9. Li XP, He SM. (2009) Seismically induced slope instabilities and the corresponding treatments: the case of a road in the Wenchuan earthquake hit region. Journal of Mountain Science 6(1): 96–100. CrossRefGoogle Scholar
  10. Bi Y, He S, Li X, et al. (2016) Effects of segregation in binary granular mixture avalanches down inclined chutes impinging on defending structures. Environmental Earth Sciences 75(3): 1–8. CrossRefGoogle Scholar
  11. Schellenberg K, Vogel T. (2009). A Dynamic Design Method for Rockfall Protection Galleries, Struct. Eng. Int., 19(3), pp. 321–326. Google Scholar
  12. Xin YJ, Wang HD, Cheng SL (2007) Experimental study on new combined steel–lead damper. Engineering mechanics 24(2): 126–130. (In Chinese). Dassault SIMULIA Co., Ltd. ABAQUS 6.13 help document. 2013.Google Scholar
  13. Byerlee J (1978) Friction of rocks. Pure and Applied Geophysics 116 (4–5): 615–626. Google Scholar
  14. Mohamed MA, Yu TL, Akasha NM (2016) Experimental studies on friction coefficient between concrete block and steel plate bolted joints. IOSR Journal of Mechanical and Civil Engineering 13(1):24–35. Google Scholar
  15. Goel MD (2014) Analysis of aluminum foam for protective packaging. Advances in Structural Engineering 1: 321–329.Google Scholar
  16. Guo LY (2010) The mechanical behavior of the double tube structure with aluminum foam core. PhD dissertation, University of Science and Technology of China. Google Scholar
  17. Wu YX, Huang J, Yan GY, et al. (2016) Optimization of Isolation Structure Under Wind Load Excitation and Experimental Study of the Wind Resistant Bearing. Journal of Shanghai Jiaotong University (Science) 21(6): 719–728. CrossRefGoogle Scholar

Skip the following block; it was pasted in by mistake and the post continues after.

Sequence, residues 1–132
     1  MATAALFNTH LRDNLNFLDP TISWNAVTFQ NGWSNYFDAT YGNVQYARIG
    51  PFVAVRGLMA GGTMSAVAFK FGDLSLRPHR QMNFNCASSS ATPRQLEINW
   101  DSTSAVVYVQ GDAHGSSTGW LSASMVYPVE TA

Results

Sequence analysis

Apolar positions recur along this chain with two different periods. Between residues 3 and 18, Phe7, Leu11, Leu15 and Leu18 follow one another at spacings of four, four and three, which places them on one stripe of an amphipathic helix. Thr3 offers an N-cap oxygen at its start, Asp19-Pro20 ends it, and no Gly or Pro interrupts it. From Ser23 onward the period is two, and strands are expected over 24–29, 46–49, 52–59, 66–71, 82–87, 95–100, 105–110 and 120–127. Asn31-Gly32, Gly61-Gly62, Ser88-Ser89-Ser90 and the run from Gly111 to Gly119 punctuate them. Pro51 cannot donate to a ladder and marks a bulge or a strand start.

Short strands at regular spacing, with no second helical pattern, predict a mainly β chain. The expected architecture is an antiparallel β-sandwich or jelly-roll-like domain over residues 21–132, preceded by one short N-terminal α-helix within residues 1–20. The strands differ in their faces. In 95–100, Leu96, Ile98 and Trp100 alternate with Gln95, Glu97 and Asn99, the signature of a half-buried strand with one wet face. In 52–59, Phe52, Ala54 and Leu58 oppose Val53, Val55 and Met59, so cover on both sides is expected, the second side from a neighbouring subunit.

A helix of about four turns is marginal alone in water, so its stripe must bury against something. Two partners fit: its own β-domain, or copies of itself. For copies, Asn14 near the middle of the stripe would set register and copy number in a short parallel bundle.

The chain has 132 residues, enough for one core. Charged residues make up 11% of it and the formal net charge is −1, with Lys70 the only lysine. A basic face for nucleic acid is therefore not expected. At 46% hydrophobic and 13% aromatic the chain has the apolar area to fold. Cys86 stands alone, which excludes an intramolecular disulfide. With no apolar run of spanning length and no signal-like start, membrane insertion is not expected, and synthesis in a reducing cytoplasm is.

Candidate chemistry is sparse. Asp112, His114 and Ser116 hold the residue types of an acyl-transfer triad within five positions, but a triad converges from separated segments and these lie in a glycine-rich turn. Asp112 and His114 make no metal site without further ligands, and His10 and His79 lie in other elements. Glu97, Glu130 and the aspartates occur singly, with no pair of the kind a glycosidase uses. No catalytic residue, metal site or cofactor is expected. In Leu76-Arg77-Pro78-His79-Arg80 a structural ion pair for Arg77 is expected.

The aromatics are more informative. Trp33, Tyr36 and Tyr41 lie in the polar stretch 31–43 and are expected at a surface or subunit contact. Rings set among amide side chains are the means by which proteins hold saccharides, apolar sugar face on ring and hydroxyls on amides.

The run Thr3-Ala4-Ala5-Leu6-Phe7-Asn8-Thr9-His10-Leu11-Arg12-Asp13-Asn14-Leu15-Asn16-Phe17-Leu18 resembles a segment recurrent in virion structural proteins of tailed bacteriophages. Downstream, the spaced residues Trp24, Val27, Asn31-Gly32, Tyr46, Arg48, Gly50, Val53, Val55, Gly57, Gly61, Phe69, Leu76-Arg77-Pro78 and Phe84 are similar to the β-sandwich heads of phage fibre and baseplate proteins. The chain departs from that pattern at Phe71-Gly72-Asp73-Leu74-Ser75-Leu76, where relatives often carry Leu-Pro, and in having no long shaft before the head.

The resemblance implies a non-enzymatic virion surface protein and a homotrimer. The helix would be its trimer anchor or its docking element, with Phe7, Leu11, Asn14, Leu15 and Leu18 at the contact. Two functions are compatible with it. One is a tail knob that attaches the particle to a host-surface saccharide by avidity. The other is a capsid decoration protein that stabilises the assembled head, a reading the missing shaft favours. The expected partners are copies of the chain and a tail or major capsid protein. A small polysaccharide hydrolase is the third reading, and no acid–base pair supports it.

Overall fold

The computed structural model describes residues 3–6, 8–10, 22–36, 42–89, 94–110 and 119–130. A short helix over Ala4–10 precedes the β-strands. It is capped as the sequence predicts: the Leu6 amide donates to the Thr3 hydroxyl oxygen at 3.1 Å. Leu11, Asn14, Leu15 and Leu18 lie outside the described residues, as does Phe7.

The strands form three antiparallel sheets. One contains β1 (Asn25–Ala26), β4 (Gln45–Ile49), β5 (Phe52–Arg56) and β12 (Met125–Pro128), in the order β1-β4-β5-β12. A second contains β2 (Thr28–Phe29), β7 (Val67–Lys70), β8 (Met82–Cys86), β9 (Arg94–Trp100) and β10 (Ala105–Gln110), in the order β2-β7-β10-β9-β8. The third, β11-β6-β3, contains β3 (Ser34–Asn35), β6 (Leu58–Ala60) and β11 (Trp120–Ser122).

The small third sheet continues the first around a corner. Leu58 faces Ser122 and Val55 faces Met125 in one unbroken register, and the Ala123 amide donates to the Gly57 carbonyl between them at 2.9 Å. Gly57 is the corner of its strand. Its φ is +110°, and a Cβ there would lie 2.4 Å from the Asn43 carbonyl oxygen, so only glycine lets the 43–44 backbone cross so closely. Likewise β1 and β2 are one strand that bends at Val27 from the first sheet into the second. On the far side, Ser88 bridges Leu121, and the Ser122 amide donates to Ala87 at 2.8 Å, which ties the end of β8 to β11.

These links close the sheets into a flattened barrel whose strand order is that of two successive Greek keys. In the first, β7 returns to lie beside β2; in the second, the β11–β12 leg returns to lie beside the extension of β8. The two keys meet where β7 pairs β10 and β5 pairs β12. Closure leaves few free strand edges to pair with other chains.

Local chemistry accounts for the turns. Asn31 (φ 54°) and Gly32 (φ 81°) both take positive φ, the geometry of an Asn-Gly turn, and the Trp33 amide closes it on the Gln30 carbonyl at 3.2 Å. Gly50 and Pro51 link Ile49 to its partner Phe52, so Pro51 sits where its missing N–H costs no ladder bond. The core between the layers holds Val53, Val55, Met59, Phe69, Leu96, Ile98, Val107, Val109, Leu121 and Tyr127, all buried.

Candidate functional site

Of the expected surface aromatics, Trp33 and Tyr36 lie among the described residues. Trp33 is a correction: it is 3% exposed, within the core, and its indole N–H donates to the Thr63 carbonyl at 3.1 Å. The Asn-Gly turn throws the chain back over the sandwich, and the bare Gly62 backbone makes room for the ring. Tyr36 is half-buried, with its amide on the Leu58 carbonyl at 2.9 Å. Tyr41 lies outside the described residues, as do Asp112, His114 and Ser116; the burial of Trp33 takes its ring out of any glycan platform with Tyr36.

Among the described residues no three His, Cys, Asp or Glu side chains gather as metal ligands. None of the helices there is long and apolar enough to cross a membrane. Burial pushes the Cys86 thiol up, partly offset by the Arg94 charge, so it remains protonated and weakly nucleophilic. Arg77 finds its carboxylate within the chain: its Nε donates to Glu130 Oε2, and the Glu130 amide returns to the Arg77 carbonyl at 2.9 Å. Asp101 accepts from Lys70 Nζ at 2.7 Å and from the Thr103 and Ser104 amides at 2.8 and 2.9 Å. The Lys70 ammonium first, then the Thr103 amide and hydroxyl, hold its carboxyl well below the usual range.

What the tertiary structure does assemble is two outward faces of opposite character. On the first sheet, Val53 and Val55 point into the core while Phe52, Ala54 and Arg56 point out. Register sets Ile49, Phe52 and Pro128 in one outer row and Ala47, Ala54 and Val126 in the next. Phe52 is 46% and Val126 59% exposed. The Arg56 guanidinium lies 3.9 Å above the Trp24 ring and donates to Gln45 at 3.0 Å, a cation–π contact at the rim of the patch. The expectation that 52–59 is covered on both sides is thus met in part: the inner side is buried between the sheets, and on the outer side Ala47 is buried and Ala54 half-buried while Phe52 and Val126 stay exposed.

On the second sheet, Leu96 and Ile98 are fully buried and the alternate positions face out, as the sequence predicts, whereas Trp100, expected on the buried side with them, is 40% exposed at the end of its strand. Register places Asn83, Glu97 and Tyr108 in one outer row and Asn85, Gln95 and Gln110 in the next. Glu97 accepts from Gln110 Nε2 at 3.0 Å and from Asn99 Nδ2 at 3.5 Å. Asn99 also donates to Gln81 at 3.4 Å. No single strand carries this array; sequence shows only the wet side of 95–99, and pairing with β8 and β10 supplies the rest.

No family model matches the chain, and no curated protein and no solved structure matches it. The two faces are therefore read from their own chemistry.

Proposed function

18. Mohammad S, Mahdi H (2015) A new approach in modeling of guide and conical rolls in the ring rolling process. The International Journal of Advanced Manufacturing Technology. Google Scholar
  19. Azzoni A, De Freitas M H (1995) Experimentally gained parameters, decisive for rock fall analysis. Rock Mechanics and Rock Engineering 28(2): 111–124. CrossRefGoogle Scholar
  20. Chau KT, Wong RHC, Wu JJ (2002) Coefficient of restitution and rotational motions of rockfall impacts. International Journal of Rock Mechanics and Mining Sciences 39: 69–77. CrossRefGoogle Scholar
  21. Buzzi O, Giacomini A, Spadari M (2012) Laboratory investigation on high values of restitution coefficients. Rock Mechanics and Rock Engineering 45: 35–43. CrossRefGoogle Scholar
  22. Andrews KRF, England GL, Ghani E (1983) Classification of the axial collapse of cylindrical tubes under quasi–static loading. International Journal of Mechanical Science 25(9–10): 687–696. CrossRefGoogle Scholar
  23. Guillow SR, Lu G, Grzebieta RH (2001) Quasi–static axial compression of thin walled circular aluminum tubes. International Journal of Mechanical Science 43(9):2103–2123. Google Scholar
  24. China National Standard (2010) Code for design of concrete structure. GB 50010–2010 (In Chinese).Google Scholar

Copyright information

© Science Press, Institute of Mountain Hazards and Environment, CAS and Springer-Verlag GmbH Germany, part of Springer Nature 2019

Authors and Affiliations

  1. 1.Key Laboratory of Mountain Hazards and Earth Surface ProcessChinese Academy of SciencesChengduChina
  2. 2.Institute of Mountain Hazards and EnvironmentChinese Academy of SciencesChengduChina
  3. 3.State Key Laboratory of Geohazard Prevention and Geoenvironment ProtectionChengdu University of TechnologyChengduChina

Personalised recommendations